When you look carefully at healthy couples, you’ll clearly see that the connection was what created the relationship. A relationship is a consequence of a connection.

And you’ll know from experience that a connection cannot be forced just by creating a relationship. You know you can manipulate someone into being your friend or partner without ever feeling genuinely connected with them.

Why Seeking A Relationship Drives It Away

When you’re trying to get a relationship, you ruin your chance at a real connection.

You’re needy, greedy, desperate, false and manic. You hide the “worst” parts of yourself while exaggerating or misrepresenting your strengths, and bizarrely you often hide your true feelings toward them.

You play games, manipulate and trick. You ignore the other person because your attention is completely focused on the strategy in your head, part of which is you trying to convince yourself that you’re not manipulative.

Compare that to when you’re inviting someone to connect with you.

No games, no Pick Up techniques, no bullshit, no deception. You can’t connect with a false representation, so you know you must represent yourself as boldly, vulnerably and accurately as possible. To ensure they’re a good fit for you, you also must engage in empathy and acceptance, listening carefully to them to allow their truth to come out.

There is no strategy, just openness to experience. There is no definition of success or failure, just the experiment – the invitation to explore each other.

In your attempts to get into a relationship, you prevent someone from being able to connect with you. You hide what they could connect with, and you ignore and judge what you could be appreciating in them.

You think this is the best way to do it, because you believe that once you get into a relationship you’ll be able to source endless feelings of connection. But will you? Do relationships work when they’re started on such false pretences?

I’d suggest that the ridiculously high divorce rates in Western countries are testament to the issue of people trying to get into a relationship. I also reckon this is why arranged marriages are so statistically successful – the participants aren’t trying to keep the relationship because they have no choice in the matter, so they focus on trying to connect to make the relationship enjoyable.

How Do You Switch To Seeking Connection?

In a word: honesty.

The key difference between seeking a relationship vs seeking a connection is strategy. Social strategies are always less than fully honest.

Connection is free from strategy. You’re willing to lose the person because there is no relationship to be maintained – there’s Nothing to Lose. You’re either connected truthfully or you’re not – no strategy can support truthful connection, only honesty and respect can do that.

Express yourself honestly, then give them respectful space and encouragement to do the same.

You strategically chase a relationship because you’re trying to remove loneliness. But loneliness is caused by you rejecting yourself – you know this because you can still feel lonely around other people.

Connection is not about someone else liking you. Connection is you liking you. When that happens, there’s no more loneliness. And how is this achieved? By valuing your honesty more than you value any relationship with another person. You impress yourself with honesty to create a sense of connection.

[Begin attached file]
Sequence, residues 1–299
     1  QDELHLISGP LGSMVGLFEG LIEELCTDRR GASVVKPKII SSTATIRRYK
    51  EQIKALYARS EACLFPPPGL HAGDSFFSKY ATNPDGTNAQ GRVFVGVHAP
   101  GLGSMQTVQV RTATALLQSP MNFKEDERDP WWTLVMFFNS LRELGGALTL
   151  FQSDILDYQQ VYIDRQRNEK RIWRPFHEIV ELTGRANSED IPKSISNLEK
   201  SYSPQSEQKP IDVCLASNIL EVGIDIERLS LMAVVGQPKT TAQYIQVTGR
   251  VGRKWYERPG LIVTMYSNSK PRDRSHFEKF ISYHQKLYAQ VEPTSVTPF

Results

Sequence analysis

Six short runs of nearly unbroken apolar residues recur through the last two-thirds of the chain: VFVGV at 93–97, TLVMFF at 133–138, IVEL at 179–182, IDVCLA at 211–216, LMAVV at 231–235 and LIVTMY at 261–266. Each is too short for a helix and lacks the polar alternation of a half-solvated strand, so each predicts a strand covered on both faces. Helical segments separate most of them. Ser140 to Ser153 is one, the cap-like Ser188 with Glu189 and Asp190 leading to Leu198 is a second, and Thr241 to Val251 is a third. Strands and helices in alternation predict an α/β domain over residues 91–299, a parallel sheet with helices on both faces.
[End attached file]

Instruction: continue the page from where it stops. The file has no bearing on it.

You’ve had the power all along!

For me, it all changed when I made a special commitment to myself. After a decade of desperately and unsuccessfully seeking a partner, I decided to stop trying.

I made a powerful commitment: to accept being single for the rest of my life. The relationship I would focus on would be the relationship I had with myself – the only relationship that was guaranteed to last forever!

The effects were immediate.

Suddenly, dating was no longer a desperate anxiety-ridden experience. I no longer felt any pressure to keep other people in my life. It no longer mattered if they didn’t text back, or didn’t want to sleep with me, or didn’t want to commit to exclusivity.

I still dated, because I like exploring connection. I could offer all these things, but I did so merely to clarify our connection. If they “rejected” me, it simply meant it was time to focus on connecting more with someone else, or just with myself. There was no need to chase.

Whatever you chase will run away from you.

As I write this, I’m in a long-term relationship for the first time in over a decade, with a girl I feel deeply connected to and whom I can be myself around without restriction.

Remember, the right person for you won’t require any manipulation. Your pure honesty will completely satisfy them. You don’t even need to believe in yourself to satisfy another person.

Anyone less than this is a waste of your time.

Commit to being single forever, if that’s what it takes to build the relationship with yourself. And don’t do this just to trick yourself into reducing neediness. This is not a strategy to get a relationship.

Just let go of strategy entirely, and connect.


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A complete in-depth guide on how to build your confidence by being authentic and living with integrity, following Dan Munro’s secret 3X Confidence formula.

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The Legendary Life: Build the Motivation and Confidence to Create an Authentic Lifestyle [book]
Dan’s first book covers a complete blueprint for designing your life in a way that matches your core values, showing you how to overcome fear, set and achieve powerful goals, and build your confidence without needing other people to like you.

Nothing to Lose: Using Curiosity to Destroy Hesitation, Procrastination and Limiting Beliefs [book]